You should brush at least twice a day, in the morning and before bed, but if you've been developing decay then you should consider putting a toothbrush in the lunchbox.



Flossing

I won't say too much here because I don't want to lose you, but if you frequently have decay between your teeth, you need to floss. Gum specialists (periodontists) will tell you that brushing alone isn’t enough and that flossing is the only way to clean thoroughly to prevent gum disease. Our hygienists can show you how. There are flossing gadgets available that can help too. I think it is easier to do it in front of a mirror, but some people save time by doing it in the shower.

Rinses

Fluoride rinses can help enamel that has been attacked and weakened by acids. ACT Restoring rinse has fluoride and an anti-microbial to help kill bacteria. You can put a cap full in your mouth and swish it around for at least one minute. Look at a timer. If you just spit it out after 10 seconds, you aren’t doing much good. You can also pour some into cup and dip a toothbrush into it and apply it like it was toothpaste. Go ahead and brush first and then use the rinse. Once a day before bed.

Decay Magnifiers

There are other factors that contribute to tooth decay. If you have a problem with your salivary glands or are taking medications that reduce the flow of saliva, you will have what is known as a dry mouth. Saliva has natural acid buffers that can help neutralize acidity in your mouth, but if you aren’t making enough saliva, you can’t make acid buffers. The problem is that many medications cause dry mouth as a side effect. This can be an especially vexing problem for elderly patients who might be taking multiple medications that cause a loss of salivary gland function.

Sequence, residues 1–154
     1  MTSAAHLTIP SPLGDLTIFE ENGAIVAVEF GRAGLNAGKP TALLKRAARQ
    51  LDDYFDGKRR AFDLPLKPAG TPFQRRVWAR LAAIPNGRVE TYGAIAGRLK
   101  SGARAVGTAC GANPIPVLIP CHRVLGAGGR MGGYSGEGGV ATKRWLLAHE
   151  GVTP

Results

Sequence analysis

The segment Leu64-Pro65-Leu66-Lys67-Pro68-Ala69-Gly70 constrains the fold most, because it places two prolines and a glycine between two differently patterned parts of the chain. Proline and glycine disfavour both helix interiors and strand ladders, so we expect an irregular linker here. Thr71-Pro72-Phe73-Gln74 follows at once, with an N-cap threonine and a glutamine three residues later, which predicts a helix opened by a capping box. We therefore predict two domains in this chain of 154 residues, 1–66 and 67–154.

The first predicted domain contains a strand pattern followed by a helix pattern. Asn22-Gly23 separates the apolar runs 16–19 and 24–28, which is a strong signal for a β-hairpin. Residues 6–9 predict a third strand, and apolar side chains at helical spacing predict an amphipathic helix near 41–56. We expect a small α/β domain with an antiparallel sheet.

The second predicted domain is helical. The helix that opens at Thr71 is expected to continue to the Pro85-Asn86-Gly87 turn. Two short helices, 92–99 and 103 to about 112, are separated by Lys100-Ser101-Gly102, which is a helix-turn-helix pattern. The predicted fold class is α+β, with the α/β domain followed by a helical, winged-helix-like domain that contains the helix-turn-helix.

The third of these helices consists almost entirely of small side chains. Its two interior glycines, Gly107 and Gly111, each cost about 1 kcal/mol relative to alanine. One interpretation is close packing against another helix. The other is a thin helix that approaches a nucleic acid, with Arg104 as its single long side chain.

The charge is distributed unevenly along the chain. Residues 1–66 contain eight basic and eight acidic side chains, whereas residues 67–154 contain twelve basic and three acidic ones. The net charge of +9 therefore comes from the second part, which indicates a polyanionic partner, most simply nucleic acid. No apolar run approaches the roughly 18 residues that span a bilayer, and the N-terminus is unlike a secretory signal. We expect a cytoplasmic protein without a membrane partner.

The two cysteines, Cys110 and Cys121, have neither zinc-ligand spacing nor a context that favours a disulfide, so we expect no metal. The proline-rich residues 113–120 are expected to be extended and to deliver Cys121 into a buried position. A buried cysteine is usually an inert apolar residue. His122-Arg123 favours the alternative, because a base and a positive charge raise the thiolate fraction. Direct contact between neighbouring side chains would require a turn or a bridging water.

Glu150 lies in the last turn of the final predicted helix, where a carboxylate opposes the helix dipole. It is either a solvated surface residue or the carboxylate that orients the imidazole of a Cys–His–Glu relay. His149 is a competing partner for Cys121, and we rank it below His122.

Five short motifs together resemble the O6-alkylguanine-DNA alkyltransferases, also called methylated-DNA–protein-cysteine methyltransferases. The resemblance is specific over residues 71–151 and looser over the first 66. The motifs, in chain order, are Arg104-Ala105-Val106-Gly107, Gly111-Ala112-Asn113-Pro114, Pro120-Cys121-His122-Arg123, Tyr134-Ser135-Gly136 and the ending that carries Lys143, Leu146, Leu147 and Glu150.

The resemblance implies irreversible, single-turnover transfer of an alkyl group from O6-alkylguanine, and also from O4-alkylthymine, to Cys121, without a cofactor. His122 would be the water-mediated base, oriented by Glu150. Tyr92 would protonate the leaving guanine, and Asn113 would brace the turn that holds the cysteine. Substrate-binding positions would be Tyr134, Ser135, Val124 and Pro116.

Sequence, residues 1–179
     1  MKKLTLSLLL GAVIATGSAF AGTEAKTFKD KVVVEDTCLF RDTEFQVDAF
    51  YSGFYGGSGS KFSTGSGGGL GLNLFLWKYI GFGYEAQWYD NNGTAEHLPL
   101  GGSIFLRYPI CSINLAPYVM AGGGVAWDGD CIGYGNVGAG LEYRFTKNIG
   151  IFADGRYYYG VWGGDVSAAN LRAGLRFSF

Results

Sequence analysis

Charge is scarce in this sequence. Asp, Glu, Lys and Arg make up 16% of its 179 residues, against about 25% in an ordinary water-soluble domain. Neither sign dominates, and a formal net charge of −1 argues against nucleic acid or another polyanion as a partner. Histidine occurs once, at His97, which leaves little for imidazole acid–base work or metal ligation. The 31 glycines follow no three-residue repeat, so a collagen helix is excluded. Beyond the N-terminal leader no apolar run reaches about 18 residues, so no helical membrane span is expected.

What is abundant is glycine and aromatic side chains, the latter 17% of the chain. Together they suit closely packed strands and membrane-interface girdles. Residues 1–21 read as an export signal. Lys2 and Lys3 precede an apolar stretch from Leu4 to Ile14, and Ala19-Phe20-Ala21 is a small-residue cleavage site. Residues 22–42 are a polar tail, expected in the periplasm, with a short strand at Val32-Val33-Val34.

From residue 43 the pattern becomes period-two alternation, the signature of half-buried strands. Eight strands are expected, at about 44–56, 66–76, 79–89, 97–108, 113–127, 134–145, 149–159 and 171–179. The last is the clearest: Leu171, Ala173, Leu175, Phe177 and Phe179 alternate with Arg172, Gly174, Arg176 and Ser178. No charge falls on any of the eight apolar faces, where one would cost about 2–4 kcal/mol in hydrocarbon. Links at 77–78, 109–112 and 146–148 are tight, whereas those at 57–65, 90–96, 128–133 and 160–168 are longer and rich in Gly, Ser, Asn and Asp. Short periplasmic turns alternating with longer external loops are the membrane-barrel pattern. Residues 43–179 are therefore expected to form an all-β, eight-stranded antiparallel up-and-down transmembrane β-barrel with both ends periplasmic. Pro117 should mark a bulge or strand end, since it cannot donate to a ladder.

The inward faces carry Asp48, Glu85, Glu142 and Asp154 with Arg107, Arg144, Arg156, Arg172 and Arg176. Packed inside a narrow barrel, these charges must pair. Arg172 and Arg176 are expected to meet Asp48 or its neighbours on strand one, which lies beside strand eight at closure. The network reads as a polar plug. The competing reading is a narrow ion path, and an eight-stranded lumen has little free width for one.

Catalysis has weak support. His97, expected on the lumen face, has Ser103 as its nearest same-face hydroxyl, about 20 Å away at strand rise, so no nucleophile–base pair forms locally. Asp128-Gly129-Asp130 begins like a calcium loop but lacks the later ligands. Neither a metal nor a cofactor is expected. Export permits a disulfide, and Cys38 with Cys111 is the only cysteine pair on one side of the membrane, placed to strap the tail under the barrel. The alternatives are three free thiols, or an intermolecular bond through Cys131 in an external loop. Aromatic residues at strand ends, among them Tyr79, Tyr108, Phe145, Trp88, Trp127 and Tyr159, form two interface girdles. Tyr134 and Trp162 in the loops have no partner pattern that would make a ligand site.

Anything that increases the acidity in the mouth is a problem. Gastric reflux disease that isn’t controlled can destroy enamel very quickly. Bulimia and frequent vomiting can also cause serious decay.

Can you whiten my teeth in one visit?

There are techniques available that claim you can whiten teeth in one hour or in one visit. This involves shining a bright light on the teeth while the teeth are coated with a bleaching gel. The light is supposed to speed up the whitening process. Studies have shown that the light doesn’t really do much except dehydrate the teeth, which is a temporary effect. This is why most patients who have had this done are also given the same home-whitening system we use. The primary reason we use the take home system from Discus Dental is because it is very effective and is a third to a quarter the cost ($125) compared to “one visit” techniques.

Can I whiten my teeth with Crest White strips or other over the counter methods?

I’ve had a few patients tell me they thought their teeth got whiter with the strips, but a lot of patients have been disappointed because they had trouble keeping the strips on their teeth. Toothpastes or rinses that claim to whiten teeth probably don’t. The whitening solution has to be held against the enamel for at least several hours to do anything. Pastes and rinses aren’t on the teeth long enough and any active ingredients are immediately diluted with water.

How does the take home whitening process work?

We make models of your teeth and then create clear custom-made trays that fit over your teeth. The whitening gel is placed inside the trays and worn over the teeth during sleep, which is why the product is called Nite/White. You aren’t doing anything while you are sleeping, so why not whiten your teeth at the same time.